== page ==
I t is a tale of contrasting fortunes. Saudi Arabia and Kuwait are desperately trying to find a productive use for flared gas from the Divided Zone (DZ) to evade the censure of the international environmental regime. Across the water in Bahrain, infrastructure and industrial projects are constantly haunted by the spectre of gas shortages.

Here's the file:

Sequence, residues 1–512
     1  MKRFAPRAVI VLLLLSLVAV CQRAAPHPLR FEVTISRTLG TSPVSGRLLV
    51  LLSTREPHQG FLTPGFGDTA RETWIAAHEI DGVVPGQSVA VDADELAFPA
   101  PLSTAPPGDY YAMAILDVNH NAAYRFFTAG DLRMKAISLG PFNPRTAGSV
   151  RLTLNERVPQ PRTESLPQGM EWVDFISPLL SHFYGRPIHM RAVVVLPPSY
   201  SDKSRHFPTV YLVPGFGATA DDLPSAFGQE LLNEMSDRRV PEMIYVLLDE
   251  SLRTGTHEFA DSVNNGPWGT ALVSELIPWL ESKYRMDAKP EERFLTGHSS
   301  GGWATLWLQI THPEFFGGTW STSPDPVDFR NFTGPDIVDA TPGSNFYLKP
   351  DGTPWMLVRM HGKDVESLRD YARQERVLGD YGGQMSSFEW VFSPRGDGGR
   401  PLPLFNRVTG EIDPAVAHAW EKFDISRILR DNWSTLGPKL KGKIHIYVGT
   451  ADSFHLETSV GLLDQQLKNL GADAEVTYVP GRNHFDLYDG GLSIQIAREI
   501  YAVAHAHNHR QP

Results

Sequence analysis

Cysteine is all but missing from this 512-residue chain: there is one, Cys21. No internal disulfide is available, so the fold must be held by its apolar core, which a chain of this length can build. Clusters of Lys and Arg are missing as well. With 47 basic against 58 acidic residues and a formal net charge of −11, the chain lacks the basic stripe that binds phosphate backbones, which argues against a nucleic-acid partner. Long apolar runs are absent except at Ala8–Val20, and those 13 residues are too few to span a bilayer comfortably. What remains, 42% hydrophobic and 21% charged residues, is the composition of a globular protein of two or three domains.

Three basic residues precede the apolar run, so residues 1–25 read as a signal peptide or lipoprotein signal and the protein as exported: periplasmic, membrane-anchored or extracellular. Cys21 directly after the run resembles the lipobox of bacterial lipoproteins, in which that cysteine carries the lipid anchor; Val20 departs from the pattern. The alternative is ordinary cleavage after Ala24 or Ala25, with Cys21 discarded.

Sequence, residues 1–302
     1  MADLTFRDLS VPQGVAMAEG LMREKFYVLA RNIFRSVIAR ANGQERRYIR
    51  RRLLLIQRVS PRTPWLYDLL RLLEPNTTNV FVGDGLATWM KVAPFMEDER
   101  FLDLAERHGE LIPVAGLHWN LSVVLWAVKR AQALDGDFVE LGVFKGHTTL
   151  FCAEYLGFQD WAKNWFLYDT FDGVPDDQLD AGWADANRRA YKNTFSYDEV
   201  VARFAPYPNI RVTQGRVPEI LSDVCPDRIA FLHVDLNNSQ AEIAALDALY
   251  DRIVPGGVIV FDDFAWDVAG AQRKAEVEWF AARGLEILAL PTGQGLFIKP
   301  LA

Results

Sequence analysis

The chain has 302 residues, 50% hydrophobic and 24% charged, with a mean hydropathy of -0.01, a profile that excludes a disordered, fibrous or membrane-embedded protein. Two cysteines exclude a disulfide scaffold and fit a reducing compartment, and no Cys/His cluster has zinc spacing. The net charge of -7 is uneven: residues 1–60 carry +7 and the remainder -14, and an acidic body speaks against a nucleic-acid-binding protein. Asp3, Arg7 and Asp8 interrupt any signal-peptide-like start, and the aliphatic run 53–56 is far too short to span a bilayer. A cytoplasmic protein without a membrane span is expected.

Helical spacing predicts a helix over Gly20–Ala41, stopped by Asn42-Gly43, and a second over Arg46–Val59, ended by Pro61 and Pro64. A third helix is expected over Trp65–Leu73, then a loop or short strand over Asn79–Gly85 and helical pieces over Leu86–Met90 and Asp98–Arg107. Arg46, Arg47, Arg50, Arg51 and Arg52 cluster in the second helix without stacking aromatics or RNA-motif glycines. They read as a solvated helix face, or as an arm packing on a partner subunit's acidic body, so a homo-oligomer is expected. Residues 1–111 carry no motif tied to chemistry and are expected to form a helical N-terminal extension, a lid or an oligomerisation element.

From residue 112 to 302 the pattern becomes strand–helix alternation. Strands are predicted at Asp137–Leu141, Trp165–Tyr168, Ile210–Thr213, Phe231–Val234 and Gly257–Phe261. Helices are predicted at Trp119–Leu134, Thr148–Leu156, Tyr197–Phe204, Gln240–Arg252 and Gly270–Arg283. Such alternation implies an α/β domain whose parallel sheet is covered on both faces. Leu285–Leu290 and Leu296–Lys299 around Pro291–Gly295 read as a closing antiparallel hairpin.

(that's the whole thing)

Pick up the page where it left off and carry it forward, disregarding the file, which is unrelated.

The two dilemmas present similar opportunities for Kuwait Finance House (KFH) - Bahrain. The Islamic banking giant, drowning in liquidity, is pioneering the concept of an integrated petrochemicals, power and water plant in the GCC and plans twin facilities at Khafji in the DZ and at Sitra in Bahrain. Both will produce matching quantities of ethylene dichloride (EDC), caustic soda, propane and butane, while the Bahrain plant will produce considerably higher quantities of power and water for sale to the national grid. 'Our objective in Bahrain is two-fold - to produce power and water with very high efficiency through co-generation, and to develop the limited petrochemicals base in the kingdom,' says Osama al-Khajah, head of corporate finance at KFH-Bahrain. 'Studies [drawn up by the US' General Electric and the UK's Weir International] showed the integrated plant could produce power 15 per cent more cheaply than a stand-alone power station, while our target for the desalination capacity was that it could be sold at a price no more than that asked by the government - which was met.' The novel approach does not just extend to the complex itself: for project execution, KFH has had a team of international specialist contractors on board from a very early stage. Four of the original quintet - GE for the power, Weir for the water, Germany's Uhde for the EDC and caustic soda and the US' Chicago Bridge & Iron for the gas separation unit - are still on board. Their quotations for the combined front-end engineering and design (FEED) and engineering, procurement and construction (EPC) contracts are under evaluation by the US' Jacobs Engineering Group. Some may take equity stakes. Revised prices have been requested in order to meet the client's aim of capping project costs at $1,500 million. 'We still think this is achievable,' says Al-Khajah. Letters of intent are due to be issued by the end of the year and completion is due in 2009. KFH is also talking to potential candidates about replacing Stone & Webster, part of the US' Shaw International, on the ethane cracker after the American firm withdrew due to over-commitment elsewhere. Germany's Siemens and the US' Honeywell will be responsible for the electrical equipment, IT and control systems. 'In such an integrated and complex project, the control systems become extremely important,' says Al-Khajah. KFH is also considering appointing a project manager - reflecting the fact that overseeing a petrochemicals project is rarely part of the training undergone by Islamic bankers. KFH is on firmer ground with the financing. The bank plans to fund the project on a 70:30 debt/equity basis, with the institution taking 10 per cent of the equity and probably issuing a sukuk for the debt portion. Memoranda of understanding (MoUs) have been signed for five-year offtake agreements with Japan's Mitsubishi Corporation for the EDC and caustic soda and with Bahrain Natural Gas Company (Banagas) for the propane and butane. The product mix was carefully chosen. 'The integrated concept can be applied to other petrochemicals,' says Al-Khajah. 'Caustic soda was chosen in this case because its production is very power-intensive - so it makes more sense to link it to power generation. Also, caustic soda is one of the feedstocks for aluminium, so if the planned alumina mine and smelter project goes ahead in Saudi Arabia, opportunities will be presented. And the desalination will produce chlorine for the EDC manufacture.' Future expansion could see downstream polyvinyl chloride (PVC) and